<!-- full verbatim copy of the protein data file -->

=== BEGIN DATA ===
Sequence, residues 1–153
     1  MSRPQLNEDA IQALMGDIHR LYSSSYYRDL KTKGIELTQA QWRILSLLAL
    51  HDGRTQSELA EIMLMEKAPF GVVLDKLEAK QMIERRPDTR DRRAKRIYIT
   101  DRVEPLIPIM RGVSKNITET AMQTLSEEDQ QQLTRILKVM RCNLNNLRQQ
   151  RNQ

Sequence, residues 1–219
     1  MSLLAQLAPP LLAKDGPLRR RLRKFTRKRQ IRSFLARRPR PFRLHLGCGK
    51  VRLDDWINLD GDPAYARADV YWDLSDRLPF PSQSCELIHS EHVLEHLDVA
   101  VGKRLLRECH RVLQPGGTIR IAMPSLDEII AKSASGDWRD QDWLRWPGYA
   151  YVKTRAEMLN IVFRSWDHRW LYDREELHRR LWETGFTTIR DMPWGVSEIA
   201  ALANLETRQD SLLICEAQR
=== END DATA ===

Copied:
Sequence, residues 1–153
     1  MSRPQLNEDA IQALMGDIHR LYSSSYYRDL KTKGIELTQA QWRILSLLAL
    51  HDGRTQSELA EIMLMEKAPF GVVLDKLEAK QMIERRPDTR DRRAKRIYIT
   101  DRVEPLIPIM RGVSKNITET AMQTLSEEDQ QQLTRILKVM RCNLNNLRQQ
   151  RNQ

Sequence, residues 1–219
     1  MSLLAQLAPP LLAKDGPLRR RLRKFTRKRQ IRSFLARRPR PFRLHLGCGK
    51  VRLDDWINLD GDPAYARADV YWDLSDRLPF PSQSCELIHS EHVLEHLDVA
   101  VGKRLLRECH RVLQPGGTIR IAMPSLDEII AKSASGDWRD QDWLRWPGYA
   151  YVKTRAEMLN IVFRSWDHRW LYDREELHRR LWETGFTTIR DMPWGVSEIA
   201  ALANLETRQD SLLICEAQR